Writing for Howey Politics Indiana, veteran reporter/columnist Jack Colwell relays the soon-to-be former Senator’s comments on seeking the Indiana Governor’s office once again, as well as his thoughts on the acrimonious nature of politics at the national level today:
After deciding, Bayh said, he will announce quickly, avoiding his acknowledged mistake in not announcing his Senate decision back in August of ’09, when he told Obama.
When Obama asked if he was 100 percent certain, Bayh related, “I made a mistake. I said it’s 98 percent.”
Thus, the president and Rahm Emanuel, then White House chief of staff, kept urging him to put off any announcement and reconsider. He put it off, “procrastinating, going back and forth,” until the filing deadline was upon him.
Now, some Democrats are angry with Bayh for waiting until it was too late for another candidate to get on the primary ballot. Congressman Brad Ellsworth finally was picked as the nominee by the Democratic State Committee. Ellsworth, who would have won for re-election for his 8th District House seat, was instead trounced Tuesday in a statewide race with Republican Dan Coats. And Democrats lost the 8th District seat.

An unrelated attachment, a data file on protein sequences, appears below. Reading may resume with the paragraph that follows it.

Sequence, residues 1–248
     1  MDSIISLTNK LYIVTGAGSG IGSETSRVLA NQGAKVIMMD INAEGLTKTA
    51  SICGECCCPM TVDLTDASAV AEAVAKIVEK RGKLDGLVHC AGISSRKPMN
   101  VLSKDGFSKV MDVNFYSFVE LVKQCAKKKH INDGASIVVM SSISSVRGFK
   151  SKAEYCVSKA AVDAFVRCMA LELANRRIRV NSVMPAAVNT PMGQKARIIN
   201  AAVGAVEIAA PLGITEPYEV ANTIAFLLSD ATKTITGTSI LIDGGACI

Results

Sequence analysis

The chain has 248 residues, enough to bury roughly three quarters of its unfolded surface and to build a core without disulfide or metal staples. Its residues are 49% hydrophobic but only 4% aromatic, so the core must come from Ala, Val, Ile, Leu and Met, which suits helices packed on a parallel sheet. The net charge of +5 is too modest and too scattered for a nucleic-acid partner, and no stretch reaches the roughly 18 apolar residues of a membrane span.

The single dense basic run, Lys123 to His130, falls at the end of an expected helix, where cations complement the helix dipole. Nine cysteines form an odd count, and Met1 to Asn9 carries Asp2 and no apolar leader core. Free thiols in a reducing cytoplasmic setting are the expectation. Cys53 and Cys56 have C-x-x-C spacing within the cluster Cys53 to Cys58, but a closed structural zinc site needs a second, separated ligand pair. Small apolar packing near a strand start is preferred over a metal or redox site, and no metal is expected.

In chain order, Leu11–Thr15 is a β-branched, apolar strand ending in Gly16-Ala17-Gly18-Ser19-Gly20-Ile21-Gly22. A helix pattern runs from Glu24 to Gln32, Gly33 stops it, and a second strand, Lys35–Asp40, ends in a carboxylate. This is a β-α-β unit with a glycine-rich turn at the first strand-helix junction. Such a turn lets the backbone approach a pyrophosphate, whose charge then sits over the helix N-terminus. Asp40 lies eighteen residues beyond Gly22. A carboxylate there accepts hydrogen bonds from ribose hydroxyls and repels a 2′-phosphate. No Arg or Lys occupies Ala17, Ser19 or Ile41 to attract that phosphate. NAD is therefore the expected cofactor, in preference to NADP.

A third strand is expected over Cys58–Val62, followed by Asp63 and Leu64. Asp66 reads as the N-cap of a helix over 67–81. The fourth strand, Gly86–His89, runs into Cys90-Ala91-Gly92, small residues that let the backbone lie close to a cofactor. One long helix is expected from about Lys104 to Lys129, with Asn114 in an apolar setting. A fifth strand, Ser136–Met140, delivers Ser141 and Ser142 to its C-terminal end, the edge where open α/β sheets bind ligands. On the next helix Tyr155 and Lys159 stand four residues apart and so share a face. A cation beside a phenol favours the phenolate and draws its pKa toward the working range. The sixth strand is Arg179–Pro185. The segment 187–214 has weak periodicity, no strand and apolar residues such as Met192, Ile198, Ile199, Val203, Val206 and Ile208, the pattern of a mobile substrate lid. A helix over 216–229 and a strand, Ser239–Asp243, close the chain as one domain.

Democratic chances for the Senate wouldn’t have brightened if he had announced much earlier that he wasn’t running, Bayh theorized, because it would have brought a divisive Democratic primary and “Republicans would have had a stronger nominee” than Coats.
Bayh noted that I have written he would have won re-election. He said he probably could have, but he would have had to concentrate from May to November on “destroying my opponent” and suffer “personally unpleasant” attacks from the opponent, not very satisfying for someone sick of partisan warfare in the Senate.
It’s not his father’s Senate.
He said that when his father, Birch Bayh, was in the Senate, “some of his better friends were Republicans. They’d come over for dinner.”
He recalled how Sen. Everett Dirksen, then Senate Republican leader, “came up to him (Birch Bayh) on the floor of the Senate and asked what he could do to help with his re-election. That would never happen today.”
Bayh said he is “independent, moderate” and found fewer and fewer on either side of the aisle who would abandon partisan bickering to seek reasonable compromise.
“Some of this was unavoidable,” Bayh said of Democratic losses.
After financial panic and severe recession, slow recovery was certain, Bayh said, but the slowness was blamed on the president and Democratic-controlled Congress.
Usual mid-term election losses for the president’s party were made worse, he said, by Democrats who pressed to do too much on health care reform “in the teeth of the worst economy” and brought on “resurrection of the ‘big taxer, big spender’ image.”